The New York Times
Finding George Orwell in Burmaby Emma Larkin
An American journalist who was born and raised in Asia and has been visiting Burma since the middle 1990s, Larkin recounts the year she spent traveling across Burma, now Myanmar, using the life and work of British author Orwell (1903-50) as her guide. He lived in the country during the 1920s as an officer of the Imperial Police Force, and based his first novel, Burmese Days, on the experience. There is no index or bibliography. Originally published as Secret Histories: A Journey through Burma Today in the Company of George Orwell in 2004 by John Murray, London. Annotation ©2004 Book News, Inc., Portland, OR
The New York Times
The Washington Post
- Penguin Publishing Group
- Publication date:
- Product dimensions:
- 5.78(w) x 8.52(h) x 1.06(d)
- Age Range:
- 18 Years
What People are saying about this
Meet the Author
Emma Larkin is the pseudonym for an American journalist who was born and raised in Asia, studied the Burmese language at the School of Oriental and African Studies in London, and covers Asia widely in her journalism from her base in Bangkok. Larkin is also the author of No Bad News for the King: The True Story of Cyclone Nargis and Its Aftermath in Burma. She has been visiting Burma for close to ten years.
and post it to your social network
Most Helpful Customer Reviews
See all customer reviews >
Describes the beauty of the land and people while exploring colonial Burma and the destruction wreaked by the Ne Win military regime. Heartbreaking, beautifully written.
Emma writes a lovely, rythmic narrative of her travels through this rather mysterious and repressed country. I have read several books - non-fiction and fiction - about Burma but finished this book with an excellent understanding of the country, past and present. There is no reason to read George Orwell to enjoy Larkin's book. Highly recommended.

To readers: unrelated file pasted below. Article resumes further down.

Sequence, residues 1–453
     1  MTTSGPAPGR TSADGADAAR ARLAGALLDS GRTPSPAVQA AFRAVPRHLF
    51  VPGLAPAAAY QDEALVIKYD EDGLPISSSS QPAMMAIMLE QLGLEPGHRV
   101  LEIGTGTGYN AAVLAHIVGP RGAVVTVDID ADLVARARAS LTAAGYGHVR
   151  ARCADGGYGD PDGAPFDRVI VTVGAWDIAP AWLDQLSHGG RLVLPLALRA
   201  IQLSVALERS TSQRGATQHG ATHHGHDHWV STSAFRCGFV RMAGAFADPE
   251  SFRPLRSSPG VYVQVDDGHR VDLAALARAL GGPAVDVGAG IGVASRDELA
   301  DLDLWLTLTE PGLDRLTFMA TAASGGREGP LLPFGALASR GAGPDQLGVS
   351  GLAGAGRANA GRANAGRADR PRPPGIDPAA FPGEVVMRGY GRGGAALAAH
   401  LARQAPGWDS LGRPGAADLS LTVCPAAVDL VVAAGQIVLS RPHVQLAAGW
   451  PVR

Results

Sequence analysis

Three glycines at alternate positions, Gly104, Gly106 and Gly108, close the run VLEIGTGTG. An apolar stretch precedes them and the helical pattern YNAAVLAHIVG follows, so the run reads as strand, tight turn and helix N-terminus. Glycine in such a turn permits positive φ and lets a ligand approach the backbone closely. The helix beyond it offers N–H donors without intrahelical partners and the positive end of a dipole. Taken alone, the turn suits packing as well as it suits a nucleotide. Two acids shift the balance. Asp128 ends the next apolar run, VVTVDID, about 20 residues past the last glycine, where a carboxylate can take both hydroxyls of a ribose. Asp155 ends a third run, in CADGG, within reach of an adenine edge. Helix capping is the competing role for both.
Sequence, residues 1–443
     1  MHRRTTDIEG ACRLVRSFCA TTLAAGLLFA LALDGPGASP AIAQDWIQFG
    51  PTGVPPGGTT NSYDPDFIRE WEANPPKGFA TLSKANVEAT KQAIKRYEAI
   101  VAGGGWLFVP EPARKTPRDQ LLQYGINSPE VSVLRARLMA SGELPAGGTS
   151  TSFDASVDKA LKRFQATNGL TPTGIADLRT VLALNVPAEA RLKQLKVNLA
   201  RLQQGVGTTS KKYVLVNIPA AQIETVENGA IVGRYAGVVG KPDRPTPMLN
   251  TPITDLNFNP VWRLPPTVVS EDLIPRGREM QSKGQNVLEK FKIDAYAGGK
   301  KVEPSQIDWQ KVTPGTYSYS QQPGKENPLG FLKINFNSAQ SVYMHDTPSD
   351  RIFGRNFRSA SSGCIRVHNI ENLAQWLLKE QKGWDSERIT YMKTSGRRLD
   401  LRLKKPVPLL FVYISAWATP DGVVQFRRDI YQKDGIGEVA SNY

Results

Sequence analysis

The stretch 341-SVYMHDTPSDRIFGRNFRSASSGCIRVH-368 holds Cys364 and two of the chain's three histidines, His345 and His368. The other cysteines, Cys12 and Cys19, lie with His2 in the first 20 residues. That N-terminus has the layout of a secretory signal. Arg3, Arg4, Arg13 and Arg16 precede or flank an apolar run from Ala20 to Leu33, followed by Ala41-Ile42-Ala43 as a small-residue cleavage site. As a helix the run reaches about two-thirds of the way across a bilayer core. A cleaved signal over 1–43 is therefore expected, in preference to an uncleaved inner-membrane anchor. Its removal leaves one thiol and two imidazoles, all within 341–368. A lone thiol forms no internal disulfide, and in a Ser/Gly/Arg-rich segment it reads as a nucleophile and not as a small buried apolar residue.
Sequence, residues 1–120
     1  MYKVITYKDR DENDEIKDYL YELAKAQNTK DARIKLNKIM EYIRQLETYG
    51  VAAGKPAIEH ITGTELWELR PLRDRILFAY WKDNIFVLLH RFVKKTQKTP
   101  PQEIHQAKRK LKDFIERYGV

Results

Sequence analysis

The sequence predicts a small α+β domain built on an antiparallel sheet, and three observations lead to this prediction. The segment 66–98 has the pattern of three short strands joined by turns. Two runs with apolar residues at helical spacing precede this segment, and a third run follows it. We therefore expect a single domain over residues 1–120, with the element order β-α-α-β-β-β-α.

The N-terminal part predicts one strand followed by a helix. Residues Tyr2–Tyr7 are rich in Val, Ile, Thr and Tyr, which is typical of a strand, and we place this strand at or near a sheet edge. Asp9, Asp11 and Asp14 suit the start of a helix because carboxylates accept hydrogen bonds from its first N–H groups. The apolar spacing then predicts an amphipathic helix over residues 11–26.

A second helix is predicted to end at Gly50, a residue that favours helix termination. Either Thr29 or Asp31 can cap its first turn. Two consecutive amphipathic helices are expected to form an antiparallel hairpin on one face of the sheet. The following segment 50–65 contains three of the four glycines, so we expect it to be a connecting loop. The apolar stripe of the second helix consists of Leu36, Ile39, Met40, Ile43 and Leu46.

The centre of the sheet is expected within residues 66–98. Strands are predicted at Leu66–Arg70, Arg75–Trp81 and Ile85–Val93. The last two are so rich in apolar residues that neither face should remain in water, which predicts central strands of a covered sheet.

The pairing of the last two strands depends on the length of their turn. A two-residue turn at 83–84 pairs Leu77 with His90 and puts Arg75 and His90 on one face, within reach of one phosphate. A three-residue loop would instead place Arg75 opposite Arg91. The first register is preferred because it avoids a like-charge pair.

All I have to say about this book is that if you have ever read even a single word of George Orwell's, YOU NEED TO READ THIS BOOK!
Secret Histories takes you on an enchanting journey onto the heart of one of the most fascinating and sometimes bizarre countries in the world. Larkin¿s easy style paints a colourful picture of South East Asia¿s poorest country where the local¿s natural charm and humour is starkly contrasted against the sinister workings of the state. Her empathy with the people she meets enables her to provide a vivid insight into the lives and hearts of the Burmese and how they cope with their dark surround. This is cleverly interwoven with the Orwell¿s life as a colonial in the 1920s, a life into which he never really fitted. How did this, much changed country, look through his eyes and to what effect? Could any of this explain the striking parallels between his later writings and the course that his former homeland has taken? In short Secret Histories is a book not to be missed by those interested in this fascinating country, fans of Orwell or those just wanting a damn good read. 10 out of 10.